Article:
Cochrane added that, “It was a moving experience, and I thought, ‘How tough is my gig? How can I complain about this? I’m able to make music. I’m making people happy with the music.’ And it sort of changed my outlook on life. It was one of those markers that you pay attention to and you go, ‘I’m going to keep at this for a little while longer.’ So it was a powerful experience.”
Fred Fox discussed Terry Fox’s enduring legacy and his own favourite childhood memories with his brother with Zoomer.
MIKE CRISOLAGO: How does it feel to know that your brother’s legacy lives on so many decades later?
FRED FOX: You’ve got to pinch yourself a little bit sometimes and, first of all, try to realize that it’s been 41 years [since] Terry was running the Marathon of Hope. But it’s how Terry has inspired Canadians of all ages, of all different generations now. It’s amazing. And I think every Canadian sees a little bit of Terry in themselves … I think Terry’s story shows that, as he said all the time, ‘Anything is possible if you try.’
MC: You accompanied Terry during a few different stretches of his Marathon of Hope. Did you get the sense that he understood how much his message was resonating with Canadians?
FF: I think once he started in Newfoundland, and he saw how well he was being received in Newfoundland in the Maritime provinces and through Quebec, that he knew every step of the way the momentum was growing and the interest was there. And then, of course, once he got to southern Ontario, I think … being at Nathan Phillips Square and talking to 10,000 people, I think he realized then that his message was getting through to people and his message was having an impact. And I think it made him that much more determined to get home.
MC: When you look at the line-up for Terry Fox: The Power of One broadcast, can you tell us a little bit about what fans can expect from the evening?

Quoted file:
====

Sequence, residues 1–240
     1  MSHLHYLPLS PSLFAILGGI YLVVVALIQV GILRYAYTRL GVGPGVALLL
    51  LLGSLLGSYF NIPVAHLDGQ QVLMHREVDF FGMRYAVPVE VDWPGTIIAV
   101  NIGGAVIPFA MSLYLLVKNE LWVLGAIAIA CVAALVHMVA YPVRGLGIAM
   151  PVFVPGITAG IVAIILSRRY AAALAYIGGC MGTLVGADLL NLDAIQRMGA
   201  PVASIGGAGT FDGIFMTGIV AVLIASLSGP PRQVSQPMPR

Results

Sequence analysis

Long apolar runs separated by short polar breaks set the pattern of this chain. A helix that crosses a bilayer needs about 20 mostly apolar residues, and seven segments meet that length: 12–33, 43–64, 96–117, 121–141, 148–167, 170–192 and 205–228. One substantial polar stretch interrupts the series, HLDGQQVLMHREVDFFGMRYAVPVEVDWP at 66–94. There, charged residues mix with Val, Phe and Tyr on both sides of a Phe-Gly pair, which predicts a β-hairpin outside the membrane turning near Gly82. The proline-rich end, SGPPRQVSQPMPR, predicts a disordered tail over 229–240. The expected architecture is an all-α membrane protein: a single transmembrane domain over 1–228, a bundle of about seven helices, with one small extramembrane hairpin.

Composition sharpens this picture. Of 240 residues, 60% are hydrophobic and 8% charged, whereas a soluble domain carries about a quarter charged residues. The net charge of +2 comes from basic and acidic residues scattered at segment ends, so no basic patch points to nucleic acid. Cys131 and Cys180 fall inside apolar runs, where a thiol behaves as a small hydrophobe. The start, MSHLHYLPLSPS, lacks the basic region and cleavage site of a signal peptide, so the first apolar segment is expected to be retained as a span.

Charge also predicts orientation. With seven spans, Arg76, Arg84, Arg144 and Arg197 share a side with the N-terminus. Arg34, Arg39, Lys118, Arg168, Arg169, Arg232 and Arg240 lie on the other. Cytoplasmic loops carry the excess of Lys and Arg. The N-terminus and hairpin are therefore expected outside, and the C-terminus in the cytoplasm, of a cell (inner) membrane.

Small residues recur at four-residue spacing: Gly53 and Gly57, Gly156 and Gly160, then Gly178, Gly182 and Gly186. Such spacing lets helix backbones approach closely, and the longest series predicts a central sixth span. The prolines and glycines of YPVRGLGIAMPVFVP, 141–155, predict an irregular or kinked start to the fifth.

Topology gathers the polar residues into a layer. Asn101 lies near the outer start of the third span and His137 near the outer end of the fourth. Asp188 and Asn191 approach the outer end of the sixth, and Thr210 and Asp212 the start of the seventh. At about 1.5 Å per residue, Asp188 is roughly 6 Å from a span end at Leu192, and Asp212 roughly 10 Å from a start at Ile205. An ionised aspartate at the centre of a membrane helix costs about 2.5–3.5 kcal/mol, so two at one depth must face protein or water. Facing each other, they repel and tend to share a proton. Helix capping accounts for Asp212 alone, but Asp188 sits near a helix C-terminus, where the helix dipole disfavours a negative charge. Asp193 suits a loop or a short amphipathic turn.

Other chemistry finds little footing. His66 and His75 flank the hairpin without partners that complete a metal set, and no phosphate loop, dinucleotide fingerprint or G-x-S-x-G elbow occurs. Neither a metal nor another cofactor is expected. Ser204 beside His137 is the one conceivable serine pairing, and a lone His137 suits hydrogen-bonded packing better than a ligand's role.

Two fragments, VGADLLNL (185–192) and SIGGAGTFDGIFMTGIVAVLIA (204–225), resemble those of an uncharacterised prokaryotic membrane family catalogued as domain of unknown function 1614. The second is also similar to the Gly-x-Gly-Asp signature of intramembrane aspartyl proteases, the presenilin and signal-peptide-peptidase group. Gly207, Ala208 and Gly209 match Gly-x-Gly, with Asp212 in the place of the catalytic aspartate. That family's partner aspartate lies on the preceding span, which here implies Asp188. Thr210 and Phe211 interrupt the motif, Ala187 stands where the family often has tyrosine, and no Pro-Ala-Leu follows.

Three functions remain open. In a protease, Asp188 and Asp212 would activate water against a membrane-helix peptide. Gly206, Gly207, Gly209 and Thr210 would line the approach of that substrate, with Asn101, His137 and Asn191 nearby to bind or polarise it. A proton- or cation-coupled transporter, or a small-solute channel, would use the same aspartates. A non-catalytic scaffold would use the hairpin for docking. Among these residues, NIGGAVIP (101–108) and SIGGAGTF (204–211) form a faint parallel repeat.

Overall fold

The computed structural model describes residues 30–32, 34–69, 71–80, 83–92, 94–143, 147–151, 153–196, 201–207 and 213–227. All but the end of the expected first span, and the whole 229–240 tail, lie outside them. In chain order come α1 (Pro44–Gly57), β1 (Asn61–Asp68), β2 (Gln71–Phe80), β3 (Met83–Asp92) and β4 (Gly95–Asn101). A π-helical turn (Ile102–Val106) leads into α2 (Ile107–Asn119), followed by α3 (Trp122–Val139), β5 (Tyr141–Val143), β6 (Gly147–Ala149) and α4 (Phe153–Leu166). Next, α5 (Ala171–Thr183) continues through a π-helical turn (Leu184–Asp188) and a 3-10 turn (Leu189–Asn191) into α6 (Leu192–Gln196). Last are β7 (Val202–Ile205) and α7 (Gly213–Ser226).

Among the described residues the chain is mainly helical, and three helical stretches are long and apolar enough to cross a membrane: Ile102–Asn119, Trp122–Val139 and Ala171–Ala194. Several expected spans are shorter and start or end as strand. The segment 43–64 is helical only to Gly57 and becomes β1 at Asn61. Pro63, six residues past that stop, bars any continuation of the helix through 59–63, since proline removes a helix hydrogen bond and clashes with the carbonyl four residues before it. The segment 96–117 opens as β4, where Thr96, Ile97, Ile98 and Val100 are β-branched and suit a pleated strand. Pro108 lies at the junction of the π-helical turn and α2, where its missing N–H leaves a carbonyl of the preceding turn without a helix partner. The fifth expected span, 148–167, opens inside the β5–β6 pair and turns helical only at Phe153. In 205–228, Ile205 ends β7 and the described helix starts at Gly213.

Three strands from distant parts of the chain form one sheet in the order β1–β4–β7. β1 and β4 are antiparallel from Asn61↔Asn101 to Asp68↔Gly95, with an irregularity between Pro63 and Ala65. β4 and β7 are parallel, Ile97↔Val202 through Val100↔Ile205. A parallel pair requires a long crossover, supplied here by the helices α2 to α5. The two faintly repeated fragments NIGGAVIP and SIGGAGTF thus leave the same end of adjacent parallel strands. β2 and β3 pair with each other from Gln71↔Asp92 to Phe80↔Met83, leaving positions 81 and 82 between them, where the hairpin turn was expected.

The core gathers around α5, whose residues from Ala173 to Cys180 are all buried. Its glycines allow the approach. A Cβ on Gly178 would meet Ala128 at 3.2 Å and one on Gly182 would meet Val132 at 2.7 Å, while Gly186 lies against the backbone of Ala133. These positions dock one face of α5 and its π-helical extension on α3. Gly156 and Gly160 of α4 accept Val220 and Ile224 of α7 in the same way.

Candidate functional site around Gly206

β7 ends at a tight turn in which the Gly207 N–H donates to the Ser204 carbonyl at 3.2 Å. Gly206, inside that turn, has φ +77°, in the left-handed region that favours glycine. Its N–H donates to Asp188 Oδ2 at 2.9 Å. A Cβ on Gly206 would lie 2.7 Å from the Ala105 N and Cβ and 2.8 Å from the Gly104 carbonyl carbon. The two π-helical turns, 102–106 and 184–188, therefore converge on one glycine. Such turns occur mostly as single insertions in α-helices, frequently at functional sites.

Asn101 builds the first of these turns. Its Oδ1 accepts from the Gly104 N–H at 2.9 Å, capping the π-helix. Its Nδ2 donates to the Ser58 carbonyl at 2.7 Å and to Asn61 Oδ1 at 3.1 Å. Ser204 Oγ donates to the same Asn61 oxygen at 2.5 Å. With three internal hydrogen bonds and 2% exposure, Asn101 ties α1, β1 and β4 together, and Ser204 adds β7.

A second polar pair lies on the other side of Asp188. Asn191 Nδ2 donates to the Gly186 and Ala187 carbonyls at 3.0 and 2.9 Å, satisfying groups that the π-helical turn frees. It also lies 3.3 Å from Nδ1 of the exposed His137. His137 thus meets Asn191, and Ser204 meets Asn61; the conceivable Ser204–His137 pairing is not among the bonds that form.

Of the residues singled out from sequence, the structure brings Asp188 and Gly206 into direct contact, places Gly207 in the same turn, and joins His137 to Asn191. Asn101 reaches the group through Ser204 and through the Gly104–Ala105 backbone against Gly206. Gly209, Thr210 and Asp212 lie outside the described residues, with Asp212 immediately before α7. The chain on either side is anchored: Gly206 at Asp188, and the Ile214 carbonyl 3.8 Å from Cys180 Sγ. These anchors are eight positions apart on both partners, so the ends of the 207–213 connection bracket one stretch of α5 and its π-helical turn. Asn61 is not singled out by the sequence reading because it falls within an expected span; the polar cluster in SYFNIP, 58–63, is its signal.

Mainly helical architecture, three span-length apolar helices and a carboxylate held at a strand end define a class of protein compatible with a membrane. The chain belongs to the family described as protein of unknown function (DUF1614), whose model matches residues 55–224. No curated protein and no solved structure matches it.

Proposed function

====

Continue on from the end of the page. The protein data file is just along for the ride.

FF: It’s going to be people’s stories, their contributions, but also that of common, ordinary Canadians. And that’s what Terry would want. That’s who he was running for. So it’s going to be a wonderful night of stories, of music, so much going on.
MC: Looking back at your own life with your brother Terry, what fond memories come to mind for you when you think of your brother?
FF: My memories have nothing to do with the Marathon of Hope with Terry. It’s all the things that we did as kids growing up. When we first moved to British Columbia and Terry was eight and I was nine and starting to get into sports and all the different sports we played. We were very active and mom and dad were, I think we could say confidently, very strict with us, but we were happy. I think that was a good thing. And so when it came to buying us stuff, like our first set of golf clubs and our first pair of blue jeans, they weren’t just going to go and do that because that’s what we wanted. We had to go out and earn it ourselves. And giving us that early work ethic. So it was those kinds of things that Terry and I would do together as kids — pick blueberries to make a little bit of extra money to buy our first 10-speed bikes and stuff like that. It is those kinds of things that we did together.
* This interview has been edited and condensed.